Tuesday, November 20, 2012

Organizing styrene strip material

While working on the girder bridge project it started to bother me that my collection of styrene strip material was such a mess.  I had been bundling it up and wrapping the bundle with blue tape.  When I would get it out to work with it I would end up with the kind of mess seen here.

I knew there had to be a better solution.  The Train Shop in Santa Clara where I buy this has an entire wall of the store devoted to this product but that was not practical for me and I normally only have about 20 to 25 packages of different shapes and sizes.  When bundled, the bundle would normally be about 2 inches in diameter.

My answer was this 9 inch long scrap of 4 inch diameter ABS waste pipe left over from a project and sitting in all my plumbing supplies.  This material is great for making large tanks for refineries or other industries and works well with the same Plastic Weld we use for modeling projects.   It commonly comes in 1-1/2, 2, 3, and 4 inch diameter sizes at most building supply centers.

Just as I had done to make the roofs of those industrial tanks, I attached .030 sheet styrene to one end of the pipe but this time to make the bottom.  Because of the thick walls of the pipe the sheet has a lot of material to hold on to.  I also made a hole near the top end of the pipe that a screw can go in to hang it up.  That hole can been seen in the photo above next to the bottle of Plastic Weld.  So now I can remove easily this container from it's hanging position and set it on the bench to look through the different shapes.  When I get what I need, hang it back up and keep the work bench clear.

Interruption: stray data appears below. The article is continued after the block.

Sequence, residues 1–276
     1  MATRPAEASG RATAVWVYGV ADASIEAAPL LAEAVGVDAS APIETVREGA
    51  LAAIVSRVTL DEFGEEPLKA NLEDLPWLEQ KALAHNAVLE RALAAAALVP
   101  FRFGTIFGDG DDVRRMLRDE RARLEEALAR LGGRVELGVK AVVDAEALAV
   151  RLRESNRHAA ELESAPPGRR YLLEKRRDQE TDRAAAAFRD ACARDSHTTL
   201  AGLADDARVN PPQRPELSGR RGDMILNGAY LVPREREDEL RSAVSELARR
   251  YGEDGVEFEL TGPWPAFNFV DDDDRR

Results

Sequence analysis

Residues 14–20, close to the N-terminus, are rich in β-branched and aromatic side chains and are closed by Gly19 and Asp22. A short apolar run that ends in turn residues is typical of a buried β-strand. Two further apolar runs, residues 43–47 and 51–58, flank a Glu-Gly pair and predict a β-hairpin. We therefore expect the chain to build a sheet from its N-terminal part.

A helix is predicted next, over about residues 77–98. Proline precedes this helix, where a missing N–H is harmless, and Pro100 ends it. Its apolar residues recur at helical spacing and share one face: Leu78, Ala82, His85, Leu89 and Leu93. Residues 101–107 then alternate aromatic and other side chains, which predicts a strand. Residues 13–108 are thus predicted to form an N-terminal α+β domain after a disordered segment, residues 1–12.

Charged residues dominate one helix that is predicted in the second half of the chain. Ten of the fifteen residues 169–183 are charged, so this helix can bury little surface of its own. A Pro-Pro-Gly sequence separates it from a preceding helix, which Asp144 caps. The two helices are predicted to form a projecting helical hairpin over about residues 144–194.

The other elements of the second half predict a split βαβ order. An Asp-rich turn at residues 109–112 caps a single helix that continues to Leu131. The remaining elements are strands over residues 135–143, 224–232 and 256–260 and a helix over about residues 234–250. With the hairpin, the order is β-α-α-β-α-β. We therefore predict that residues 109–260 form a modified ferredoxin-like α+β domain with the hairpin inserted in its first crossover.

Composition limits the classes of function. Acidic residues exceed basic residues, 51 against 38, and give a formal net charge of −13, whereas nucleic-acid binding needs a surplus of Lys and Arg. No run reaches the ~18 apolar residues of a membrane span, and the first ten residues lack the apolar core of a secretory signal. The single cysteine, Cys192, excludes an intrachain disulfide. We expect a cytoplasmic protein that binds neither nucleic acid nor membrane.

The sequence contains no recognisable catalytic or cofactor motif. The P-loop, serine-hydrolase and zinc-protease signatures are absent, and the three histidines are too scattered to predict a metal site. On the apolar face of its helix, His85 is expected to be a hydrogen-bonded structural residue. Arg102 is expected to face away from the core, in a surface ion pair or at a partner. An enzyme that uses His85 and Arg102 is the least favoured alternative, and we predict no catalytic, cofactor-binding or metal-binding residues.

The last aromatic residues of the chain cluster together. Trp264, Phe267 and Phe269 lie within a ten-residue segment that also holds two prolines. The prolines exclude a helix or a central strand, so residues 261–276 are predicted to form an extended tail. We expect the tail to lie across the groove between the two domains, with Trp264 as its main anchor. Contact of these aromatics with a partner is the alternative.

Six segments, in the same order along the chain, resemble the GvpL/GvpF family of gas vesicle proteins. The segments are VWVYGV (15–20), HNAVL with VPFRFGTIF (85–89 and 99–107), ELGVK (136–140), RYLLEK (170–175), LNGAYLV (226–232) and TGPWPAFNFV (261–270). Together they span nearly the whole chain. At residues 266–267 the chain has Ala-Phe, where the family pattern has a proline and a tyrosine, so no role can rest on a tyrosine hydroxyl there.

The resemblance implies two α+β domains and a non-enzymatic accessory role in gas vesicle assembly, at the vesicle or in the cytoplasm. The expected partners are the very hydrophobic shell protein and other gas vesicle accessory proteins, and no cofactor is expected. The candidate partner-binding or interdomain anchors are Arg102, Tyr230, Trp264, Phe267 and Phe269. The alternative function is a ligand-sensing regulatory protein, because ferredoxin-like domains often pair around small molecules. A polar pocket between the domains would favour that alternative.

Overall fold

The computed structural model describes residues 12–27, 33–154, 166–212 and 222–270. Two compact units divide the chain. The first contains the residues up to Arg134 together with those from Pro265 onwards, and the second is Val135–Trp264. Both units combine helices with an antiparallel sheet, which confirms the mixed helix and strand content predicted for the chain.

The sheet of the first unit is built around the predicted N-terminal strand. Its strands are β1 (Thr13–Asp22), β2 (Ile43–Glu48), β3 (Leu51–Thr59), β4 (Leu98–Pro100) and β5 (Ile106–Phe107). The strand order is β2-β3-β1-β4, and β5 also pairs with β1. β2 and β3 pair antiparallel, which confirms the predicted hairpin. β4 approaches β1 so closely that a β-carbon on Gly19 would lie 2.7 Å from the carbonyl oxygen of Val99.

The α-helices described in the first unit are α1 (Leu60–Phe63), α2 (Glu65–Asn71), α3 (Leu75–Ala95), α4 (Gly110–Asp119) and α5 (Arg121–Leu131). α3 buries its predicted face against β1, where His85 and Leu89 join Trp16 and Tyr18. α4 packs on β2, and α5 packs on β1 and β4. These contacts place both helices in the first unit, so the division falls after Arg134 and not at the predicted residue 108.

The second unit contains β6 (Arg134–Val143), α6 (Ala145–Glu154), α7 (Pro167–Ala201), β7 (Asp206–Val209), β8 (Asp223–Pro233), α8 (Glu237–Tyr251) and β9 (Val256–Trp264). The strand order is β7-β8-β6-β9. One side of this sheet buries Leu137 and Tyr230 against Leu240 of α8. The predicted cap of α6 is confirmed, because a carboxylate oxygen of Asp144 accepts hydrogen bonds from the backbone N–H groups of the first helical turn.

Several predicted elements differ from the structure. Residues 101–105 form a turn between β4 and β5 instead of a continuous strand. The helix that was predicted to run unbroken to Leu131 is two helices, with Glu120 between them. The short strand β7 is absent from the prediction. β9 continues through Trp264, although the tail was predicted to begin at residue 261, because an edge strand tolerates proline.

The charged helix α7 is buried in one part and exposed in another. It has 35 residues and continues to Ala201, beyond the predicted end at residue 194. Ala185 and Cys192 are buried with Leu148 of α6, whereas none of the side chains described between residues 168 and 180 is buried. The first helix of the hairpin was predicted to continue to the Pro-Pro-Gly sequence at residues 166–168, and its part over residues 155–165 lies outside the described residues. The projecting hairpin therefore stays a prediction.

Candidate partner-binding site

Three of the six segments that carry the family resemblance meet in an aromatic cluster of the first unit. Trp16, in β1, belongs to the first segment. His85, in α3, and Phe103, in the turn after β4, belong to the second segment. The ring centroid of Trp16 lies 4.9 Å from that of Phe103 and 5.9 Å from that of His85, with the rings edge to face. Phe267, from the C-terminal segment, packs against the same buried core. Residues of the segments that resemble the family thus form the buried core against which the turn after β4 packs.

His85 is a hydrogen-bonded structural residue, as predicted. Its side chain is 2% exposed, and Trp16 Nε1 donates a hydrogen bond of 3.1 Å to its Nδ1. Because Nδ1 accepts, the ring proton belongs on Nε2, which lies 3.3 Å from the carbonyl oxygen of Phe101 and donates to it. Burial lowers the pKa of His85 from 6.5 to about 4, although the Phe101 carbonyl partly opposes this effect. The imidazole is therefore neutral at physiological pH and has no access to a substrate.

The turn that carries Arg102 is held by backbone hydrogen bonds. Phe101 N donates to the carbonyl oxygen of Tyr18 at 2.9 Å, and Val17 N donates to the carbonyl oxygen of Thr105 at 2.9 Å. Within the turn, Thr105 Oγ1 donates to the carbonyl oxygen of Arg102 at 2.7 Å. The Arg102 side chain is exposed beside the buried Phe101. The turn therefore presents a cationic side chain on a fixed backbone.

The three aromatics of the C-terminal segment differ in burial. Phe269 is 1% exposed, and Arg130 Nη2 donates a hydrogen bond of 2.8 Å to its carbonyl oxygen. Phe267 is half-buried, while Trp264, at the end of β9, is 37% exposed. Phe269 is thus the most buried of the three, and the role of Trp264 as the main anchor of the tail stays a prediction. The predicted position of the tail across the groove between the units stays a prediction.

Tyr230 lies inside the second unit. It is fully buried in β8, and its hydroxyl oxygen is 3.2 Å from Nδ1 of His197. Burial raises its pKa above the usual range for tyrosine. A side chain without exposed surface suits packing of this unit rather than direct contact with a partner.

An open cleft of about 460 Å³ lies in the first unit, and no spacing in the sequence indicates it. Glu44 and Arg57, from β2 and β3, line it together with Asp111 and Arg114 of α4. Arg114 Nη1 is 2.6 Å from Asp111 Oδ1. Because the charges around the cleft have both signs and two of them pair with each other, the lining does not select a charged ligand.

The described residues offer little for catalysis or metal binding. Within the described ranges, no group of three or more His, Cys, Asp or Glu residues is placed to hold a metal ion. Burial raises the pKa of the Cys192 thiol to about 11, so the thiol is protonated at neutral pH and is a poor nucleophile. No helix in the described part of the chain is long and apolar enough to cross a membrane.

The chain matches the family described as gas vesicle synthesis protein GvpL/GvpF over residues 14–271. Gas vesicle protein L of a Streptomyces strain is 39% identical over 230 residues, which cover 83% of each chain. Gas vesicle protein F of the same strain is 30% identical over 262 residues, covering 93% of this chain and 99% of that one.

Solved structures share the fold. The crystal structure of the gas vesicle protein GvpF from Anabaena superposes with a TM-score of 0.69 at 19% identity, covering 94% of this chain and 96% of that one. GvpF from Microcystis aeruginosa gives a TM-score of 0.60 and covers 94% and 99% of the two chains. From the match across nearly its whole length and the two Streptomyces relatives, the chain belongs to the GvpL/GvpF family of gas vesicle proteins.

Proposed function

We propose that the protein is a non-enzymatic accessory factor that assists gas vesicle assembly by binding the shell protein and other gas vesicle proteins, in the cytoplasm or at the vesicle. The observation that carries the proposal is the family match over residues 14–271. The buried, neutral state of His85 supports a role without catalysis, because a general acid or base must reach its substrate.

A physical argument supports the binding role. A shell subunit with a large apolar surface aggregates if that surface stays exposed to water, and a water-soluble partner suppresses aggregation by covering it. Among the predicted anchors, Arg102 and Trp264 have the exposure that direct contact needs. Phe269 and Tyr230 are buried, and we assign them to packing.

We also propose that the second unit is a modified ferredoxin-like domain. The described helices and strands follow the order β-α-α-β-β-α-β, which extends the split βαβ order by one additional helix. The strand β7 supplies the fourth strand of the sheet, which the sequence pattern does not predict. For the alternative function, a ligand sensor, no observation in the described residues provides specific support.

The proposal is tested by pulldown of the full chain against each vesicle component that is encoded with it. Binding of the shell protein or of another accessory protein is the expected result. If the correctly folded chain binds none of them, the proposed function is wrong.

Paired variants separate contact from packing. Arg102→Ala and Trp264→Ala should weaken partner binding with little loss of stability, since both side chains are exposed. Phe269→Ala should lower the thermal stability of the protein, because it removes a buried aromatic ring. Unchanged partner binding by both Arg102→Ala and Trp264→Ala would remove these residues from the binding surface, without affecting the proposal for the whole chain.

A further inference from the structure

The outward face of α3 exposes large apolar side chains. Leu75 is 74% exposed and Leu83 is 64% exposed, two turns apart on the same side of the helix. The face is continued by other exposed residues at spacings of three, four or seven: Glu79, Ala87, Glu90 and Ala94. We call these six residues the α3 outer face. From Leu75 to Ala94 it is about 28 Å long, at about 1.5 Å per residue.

Saturday, November 17, 2012

Building a girder bridge - part 2

To install the bridge decking, I used .040 x .060 styrene strips (Evergreen P/N 143) side by side with the wider side horizontal starting on the line marking the outer edge of the track.  It ended up taking 14 courses to make it all the way across to the line marking the inner edge track line.  The overall width of the deck was just a bit wider that the ties of the track.  I used a test section of Peco code 55 flex track to check the layout of the deck.

As the deck ended up being wider than the ties, I put another peice of .040 x .60 strip on each side on top of the first layer.  This created a pocket that the flex track will fit into to.

To get the hand rails similar to the prototype photo in part 1, I used the Plastruct N scale handrails, P/N 90681.  It took a full section on each side plus part of a third section.   These are the same product used in the Exterior Stairways post back in April of 2011.